The Taliban celebrated the US withdrawal from Afghanistan with fireworks and gunfire early Tuesday — as the insurgents also stormed Kabul airport and examined the helicopters, weapons and military uniforms abandoned by the US in its frantic final exit.
The sound of gunfire and cheers erupted at multiple Taliban checkpoints throughout the city and at Kabul’s Hamid Karzai International Airport after the final five US military transport planes lifted out of Afghanistan.
Just minutes after the final US troops vacated Kabul’s airport, the Taliban stormed in and triumphantly stood on the tarmac as the militants pledged to secure the country.
Footage released by the Taliban showed heavily armed fighters examining multiple Chinook helicopters, vehicles and weapons left behind by US troops following the frantic mass evacuations over the last two weeks that cost the lives of 13 US service members and more than 180 Afghans.
A huge pile of US military uniforms was spotted dumped in the middle of an airport hangar.
Some Taliban fighters posed for photos inside the abandoned military aircraft and one video appeared to show the Taliban flying a Black Hawk helicopter over the streets of Kandahar.
Footage showed some heavily armed fighters praying on the tarmac as others cheered. At one point, an overexcited Taliban member fell off the back of a crowded truck as they raced up and down the runway.
“All the American troops have left Afghanistan, we are very happy — you can listen to the celebratory fire,” Taliban spokesman Bilal Karimi told Agence France-Presse after they stormed the airport.
Hamid Karzai had become a US-controlled island as the chaotic evacuations ramped up in the last two weeks.
Of the equipment left behind, Gen. Frank McKenzie, the head of US Central Command, said troops had disabled 27 Humvees and 73 aircraft prior to leaving so they cannot be used again.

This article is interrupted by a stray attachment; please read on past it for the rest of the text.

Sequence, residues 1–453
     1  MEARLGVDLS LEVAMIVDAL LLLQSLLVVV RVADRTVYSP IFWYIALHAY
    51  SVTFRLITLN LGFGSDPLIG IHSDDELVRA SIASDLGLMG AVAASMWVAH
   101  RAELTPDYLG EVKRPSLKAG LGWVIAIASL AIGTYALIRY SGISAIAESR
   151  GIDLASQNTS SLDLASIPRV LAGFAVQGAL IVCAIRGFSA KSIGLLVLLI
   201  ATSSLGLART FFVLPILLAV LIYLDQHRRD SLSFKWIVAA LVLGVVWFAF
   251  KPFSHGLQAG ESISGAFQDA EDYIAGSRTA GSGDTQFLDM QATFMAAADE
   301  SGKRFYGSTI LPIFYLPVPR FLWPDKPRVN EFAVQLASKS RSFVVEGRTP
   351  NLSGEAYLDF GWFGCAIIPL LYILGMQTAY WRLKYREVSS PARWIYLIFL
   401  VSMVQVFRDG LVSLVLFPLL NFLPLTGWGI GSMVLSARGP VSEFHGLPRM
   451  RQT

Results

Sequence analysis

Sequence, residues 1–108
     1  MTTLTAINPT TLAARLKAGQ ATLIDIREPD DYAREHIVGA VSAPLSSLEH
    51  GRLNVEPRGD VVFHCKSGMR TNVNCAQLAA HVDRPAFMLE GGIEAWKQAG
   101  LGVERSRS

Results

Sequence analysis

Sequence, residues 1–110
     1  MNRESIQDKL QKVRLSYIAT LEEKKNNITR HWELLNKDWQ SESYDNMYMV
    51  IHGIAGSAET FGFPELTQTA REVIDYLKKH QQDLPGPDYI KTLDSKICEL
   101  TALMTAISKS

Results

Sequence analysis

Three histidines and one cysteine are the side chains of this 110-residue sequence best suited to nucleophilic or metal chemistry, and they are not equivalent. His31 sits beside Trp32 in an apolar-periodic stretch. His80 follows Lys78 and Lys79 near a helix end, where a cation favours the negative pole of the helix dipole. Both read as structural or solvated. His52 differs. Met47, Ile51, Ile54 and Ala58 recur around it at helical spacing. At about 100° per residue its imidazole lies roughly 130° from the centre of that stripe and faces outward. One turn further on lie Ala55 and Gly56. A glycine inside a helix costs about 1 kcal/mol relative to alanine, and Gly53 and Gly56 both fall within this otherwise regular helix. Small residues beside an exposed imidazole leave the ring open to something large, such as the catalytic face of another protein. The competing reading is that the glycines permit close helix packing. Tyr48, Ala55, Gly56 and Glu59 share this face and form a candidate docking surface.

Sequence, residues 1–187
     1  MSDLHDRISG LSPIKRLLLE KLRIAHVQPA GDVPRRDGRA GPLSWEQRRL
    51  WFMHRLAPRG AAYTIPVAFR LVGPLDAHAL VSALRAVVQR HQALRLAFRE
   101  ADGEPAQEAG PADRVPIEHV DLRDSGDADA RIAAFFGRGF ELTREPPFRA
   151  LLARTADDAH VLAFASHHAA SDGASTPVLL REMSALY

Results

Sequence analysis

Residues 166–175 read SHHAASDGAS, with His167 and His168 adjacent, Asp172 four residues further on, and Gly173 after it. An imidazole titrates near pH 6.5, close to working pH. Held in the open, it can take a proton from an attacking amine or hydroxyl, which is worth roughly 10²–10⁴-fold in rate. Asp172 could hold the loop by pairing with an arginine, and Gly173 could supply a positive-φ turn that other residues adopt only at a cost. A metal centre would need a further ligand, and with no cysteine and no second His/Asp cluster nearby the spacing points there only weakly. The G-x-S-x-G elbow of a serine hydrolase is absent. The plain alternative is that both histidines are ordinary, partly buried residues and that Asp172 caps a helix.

As Taliban leaders walked across the tarmac Tuesday, they vowed to quickly reopen the airport.
“Our technical team will be checking the technical and logistical needs of the airport,” Taliban spokesman Zabihullah Mujahid told Afghan state television.
“If we are able to fix everything on our own, then we won’t need any help. If there is need for technical or logistics help to repair the destruction, then we might ask help from Qatar or Turkey.”
He did not elaborate on what had been destroyed. The airport had been the center of deadly chaos ever since the Taliban seized control of the war-torn country on Aug. 15.
The arrival of the Taliban inside the airport came just hours after the US wrapped up its largest airlift of non-combatants in history.
To mark the end of the 20-year war, the US released an image of Maj. Gen. Chris Donahue, commander of the US. Army 82nd Airborne Division who was coordinating the evacuation from Afghanistan, boarding a military aircraft.
The last C-17 plane had left Kabul’s airport at 11:59 p.m. local time just ahead of the Aug. 31 deadline to withdraw troops from the country.
More than 79,000 civilians had been flown out of the airport on US military aircraft since Aug. 14 — including 6,000 Americans and 73,500 Afghans and third-country citizens, according to McKenzie.
He acknowledged that a number of American citizens, likely numbering in “the very low hundreds,” were left behind as the troops departed but said he believes they will still be able to leave the country.
“We did not get out everybody we had wanted to get out,” McKenzie said Monday. “There are Americans for a variety of reasons who want to stay for a while.”
It brought an end to America’s longest war that lasted 19 years and 47 weeks, cost some $2 trillion and took the lives of nearly 2,500 US troops and about 240,000 Afghans.
President Biden had pledged to end what he called a “forever war” that began after the Sept. 11 attacks in 2001.
Biden, who has drawn heavy criticism for the chaotic and deadly withdrawal, defended his decision in a statement Monday as he thanked the US military for carrying out the dangerous evacuations.
He added the world would hold the Taliban to their commitment to allow safe passage for those wanting to leave Afghanistan.
“Now, our 20-year military presence in Afghanistan has ended,” Biden said.
He plans to address the American people Tuesday afternoon.
With Post wires